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'Change him to adamant—Medusa!' thus
They all exclaim'd with eyes bent downward; 'so
Shall we revenge the assault which Theseus made.'3

• Turn thee behind, and close thine eyes, for if 55

The Gorgon once appear, and thou behold,
For thee will be no journeying up to light.'

So spake my Guide, nor rested there, but turn'd
Me round himself, nor on my hands relied,
But with his own mine eyelids held fast shut. 60

O ye, that have discerning minds, behold
And meditate the hidden sense involved
Under the covering of the mystic verse.

And now far echoing o'er the troubled waves

Broke the loud crash of a terrific sound 65

That shook both margins of the lake, and seem'd

As if occasion'd by a wind that, lashed
Into strong fury by conflicting heat,
Heedless of all restraint the forest cleaves,

The boughs rends down, and strews them all abroad: 70
Wrapt in a cloud of dust it tears along;
The wild beasts and the shepherds fly dismay'd.

3 Theseus aided Pirithous in his attempt to carry off Proserpine.

Mine eyes he loosed, and ' Now,' said he, 'direct

The visual nerve athwart the eternal foam,

On this side where the smoke is most intense.' 75

As frogs in presence of the water-snake,

Their foe, fly frighted, shoaling thro' the waves,

Till 'neath the sheltering mould they vanish all; More than a thousand ruin'd spirits there

I saw thus flying before One, who pass'd 80

Across the Stygian pool with feet unwet.
He brush'd the clammy dew from off his face,

His left hand often passing o'er his brow;

Nor gave he other sign of weariness. I could perceive that he was sent from heaven, 85

And moved towards my Guide, who signall'd me

To hold my peace, and do him reverence. Ah me! how full of high disdain he seem'd!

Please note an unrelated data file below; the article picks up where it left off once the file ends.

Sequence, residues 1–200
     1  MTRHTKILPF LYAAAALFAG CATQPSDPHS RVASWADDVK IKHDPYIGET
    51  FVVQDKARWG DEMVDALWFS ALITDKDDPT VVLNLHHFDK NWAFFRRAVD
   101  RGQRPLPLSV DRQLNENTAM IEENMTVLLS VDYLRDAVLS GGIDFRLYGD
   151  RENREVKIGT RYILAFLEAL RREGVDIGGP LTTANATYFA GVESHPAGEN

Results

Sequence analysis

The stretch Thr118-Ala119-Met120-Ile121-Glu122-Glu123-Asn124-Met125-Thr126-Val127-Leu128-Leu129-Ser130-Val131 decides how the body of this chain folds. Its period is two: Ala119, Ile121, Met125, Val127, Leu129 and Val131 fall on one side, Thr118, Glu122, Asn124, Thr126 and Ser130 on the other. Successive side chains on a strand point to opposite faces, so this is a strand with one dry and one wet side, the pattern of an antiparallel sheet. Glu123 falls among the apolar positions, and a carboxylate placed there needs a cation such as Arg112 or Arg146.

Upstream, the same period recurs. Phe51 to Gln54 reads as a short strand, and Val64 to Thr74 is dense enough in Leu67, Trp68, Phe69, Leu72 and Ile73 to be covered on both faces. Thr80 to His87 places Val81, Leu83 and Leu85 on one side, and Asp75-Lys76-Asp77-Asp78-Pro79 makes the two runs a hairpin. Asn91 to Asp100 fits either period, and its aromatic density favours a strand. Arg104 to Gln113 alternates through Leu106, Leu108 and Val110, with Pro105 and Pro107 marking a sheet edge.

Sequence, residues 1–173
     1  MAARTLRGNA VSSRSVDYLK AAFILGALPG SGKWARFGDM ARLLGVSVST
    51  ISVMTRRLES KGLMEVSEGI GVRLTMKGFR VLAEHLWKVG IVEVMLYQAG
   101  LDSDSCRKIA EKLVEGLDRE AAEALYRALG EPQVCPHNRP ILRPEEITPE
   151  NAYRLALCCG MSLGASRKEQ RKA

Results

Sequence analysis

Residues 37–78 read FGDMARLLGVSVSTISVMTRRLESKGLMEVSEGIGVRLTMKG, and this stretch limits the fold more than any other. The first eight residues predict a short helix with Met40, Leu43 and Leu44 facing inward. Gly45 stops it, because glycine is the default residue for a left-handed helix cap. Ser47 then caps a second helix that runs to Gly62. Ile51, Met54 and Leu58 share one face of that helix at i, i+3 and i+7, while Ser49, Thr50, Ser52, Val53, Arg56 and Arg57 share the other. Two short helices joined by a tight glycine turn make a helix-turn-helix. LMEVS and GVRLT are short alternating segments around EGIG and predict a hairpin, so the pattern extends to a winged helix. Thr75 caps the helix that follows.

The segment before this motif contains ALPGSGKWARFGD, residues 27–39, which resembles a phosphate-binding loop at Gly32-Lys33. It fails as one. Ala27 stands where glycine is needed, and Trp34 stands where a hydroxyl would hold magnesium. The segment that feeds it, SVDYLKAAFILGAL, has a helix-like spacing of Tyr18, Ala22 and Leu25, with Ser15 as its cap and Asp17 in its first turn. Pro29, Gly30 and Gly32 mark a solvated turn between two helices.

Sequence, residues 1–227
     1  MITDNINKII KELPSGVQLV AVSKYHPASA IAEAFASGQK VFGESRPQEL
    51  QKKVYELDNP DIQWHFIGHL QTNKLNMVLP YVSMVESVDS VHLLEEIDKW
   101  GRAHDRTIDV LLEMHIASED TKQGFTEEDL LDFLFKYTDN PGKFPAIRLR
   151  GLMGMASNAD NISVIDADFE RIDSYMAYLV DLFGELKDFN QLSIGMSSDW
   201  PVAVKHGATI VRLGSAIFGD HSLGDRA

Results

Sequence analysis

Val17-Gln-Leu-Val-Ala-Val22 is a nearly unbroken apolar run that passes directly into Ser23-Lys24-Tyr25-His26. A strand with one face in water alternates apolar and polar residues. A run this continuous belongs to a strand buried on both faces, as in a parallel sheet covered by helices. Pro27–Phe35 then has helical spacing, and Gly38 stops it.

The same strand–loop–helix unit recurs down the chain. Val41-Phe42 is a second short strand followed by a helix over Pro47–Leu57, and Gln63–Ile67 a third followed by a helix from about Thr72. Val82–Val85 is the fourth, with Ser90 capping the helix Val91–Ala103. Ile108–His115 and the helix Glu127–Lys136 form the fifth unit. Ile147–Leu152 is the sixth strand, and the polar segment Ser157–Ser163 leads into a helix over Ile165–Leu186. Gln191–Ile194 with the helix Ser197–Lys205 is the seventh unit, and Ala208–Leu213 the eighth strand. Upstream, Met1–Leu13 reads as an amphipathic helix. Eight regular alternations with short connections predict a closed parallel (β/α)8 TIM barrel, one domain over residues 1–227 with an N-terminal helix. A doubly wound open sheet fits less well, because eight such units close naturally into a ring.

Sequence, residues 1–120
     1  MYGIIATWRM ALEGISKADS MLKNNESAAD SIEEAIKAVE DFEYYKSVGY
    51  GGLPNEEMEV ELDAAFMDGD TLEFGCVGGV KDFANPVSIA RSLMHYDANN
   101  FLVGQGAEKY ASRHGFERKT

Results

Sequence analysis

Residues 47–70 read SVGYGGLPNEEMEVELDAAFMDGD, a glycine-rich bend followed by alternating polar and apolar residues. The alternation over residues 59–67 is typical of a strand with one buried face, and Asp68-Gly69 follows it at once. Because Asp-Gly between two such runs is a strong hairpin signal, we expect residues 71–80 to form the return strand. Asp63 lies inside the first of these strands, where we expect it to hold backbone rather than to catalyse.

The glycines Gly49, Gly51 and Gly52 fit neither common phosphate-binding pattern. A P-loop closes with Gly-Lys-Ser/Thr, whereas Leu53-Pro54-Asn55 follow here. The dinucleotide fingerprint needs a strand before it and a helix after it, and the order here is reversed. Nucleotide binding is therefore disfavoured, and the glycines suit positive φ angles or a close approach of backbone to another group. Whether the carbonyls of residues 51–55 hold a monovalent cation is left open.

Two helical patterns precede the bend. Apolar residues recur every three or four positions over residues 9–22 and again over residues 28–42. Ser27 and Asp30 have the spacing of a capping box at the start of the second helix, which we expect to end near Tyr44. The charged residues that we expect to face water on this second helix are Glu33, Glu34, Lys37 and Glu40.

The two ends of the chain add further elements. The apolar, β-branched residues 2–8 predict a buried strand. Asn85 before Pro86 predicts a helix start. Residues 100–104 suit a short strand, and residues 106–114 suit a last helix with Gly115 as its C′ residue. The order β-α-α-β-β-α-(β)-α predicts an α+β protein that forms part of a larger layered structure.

He came up to the gate, which with his wand

He open'd, for no bars could him restrain. 90

'Outcasts of heaven, despisèd people!' thus

Upon the horrid threshold he began;

'Whence harbour ye this insolence within
Your breasts ? Ah ! wherefore kick ye against that will

Which never can be frustrate of its ends, 95

And which has oft before your pains increased 1


What boots it thus to wrestle with the fates ?
Your Cerberus —if ye remember—still
Weareth for this his chin and dewlap flay'd.'

Then back upon the filthy road he turn'd, 100

And made no sign to us, but seem'd as one
Whom other and more urgent care corrodes

Than of the work whereon to us he came.

And we our steps moved onward towards the land

In peace after the hallow'd words. Within 105

The gates we pass'd without annoy; and I,
Who had a longing wish to know the state
Within those walls inclosed, soon as I found

Myself within, moved round mine eyes, and lo!

On either hand I saw a spacious plain no

Tormented all with agonising woe.

Ev'n as at Aries, where the Rhone stays its flow,
Ev'n as at Pola, where Quarnaro bounds
The Italian land, and laves its frontier,

The sepulchres make all the strand to heave 115

In mounds; so did they here on either hand,
Save that the scene was far more dread: for here

There were dispread between the sepulchres
Careering fires, from which accrued such heat
That iron for the founder's use requires 120


None greater: and from beneath their lids—which were
Suspended—issued forth such doleful cries
As witness'd the abode of tortured souls.4

When I thus; 'Master, say, what spirits are these
That buried thus within these vaults disclose 125

Their presence by these lamentable sighs?'

And he thereto; 'Here are the Heresiarchs
With their adherents of each sect, and far
More than thou would'st believe the tombs contain.

Like here with like lie sepulchred for ever: 130

And different temperatures are found within.'
He therewith moving towards the right, we pass'd

Between the torments and the lofty walls.

4 The sepulchres referred to in this passage are probably old Roman tombs. The Rhone forms a lake at Aries. Quarnaro is the gulf of that name, which washes the confines of Italy and Croatia.

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The Poets traverse the City of Dis. Dante converses with Farinata degli Uberti, the Ghibelline chief; also with Cavalcante Cavalcanti, a Florentine of the Guelf party, whose son, Guido, was his friend.

Thus while we paced along a narrow way

Between the land's wall and the torturing fires, My Master first, and I close following him, 'Virtue supreme, who thro' the unhallow'd spheres

Leadest me as thou wiliest,' I began; 5

'Speak to me, and my longing wish fulfil.
The spirits couch'd within the sepulchres—
Can they be seen? For I perceive that all
The lids are raised, and no one keepeth watch.'
And he replied; 'They all will be fast shut iC

When from Jehoshaphat their inmates shall
Return revested with the bodies which

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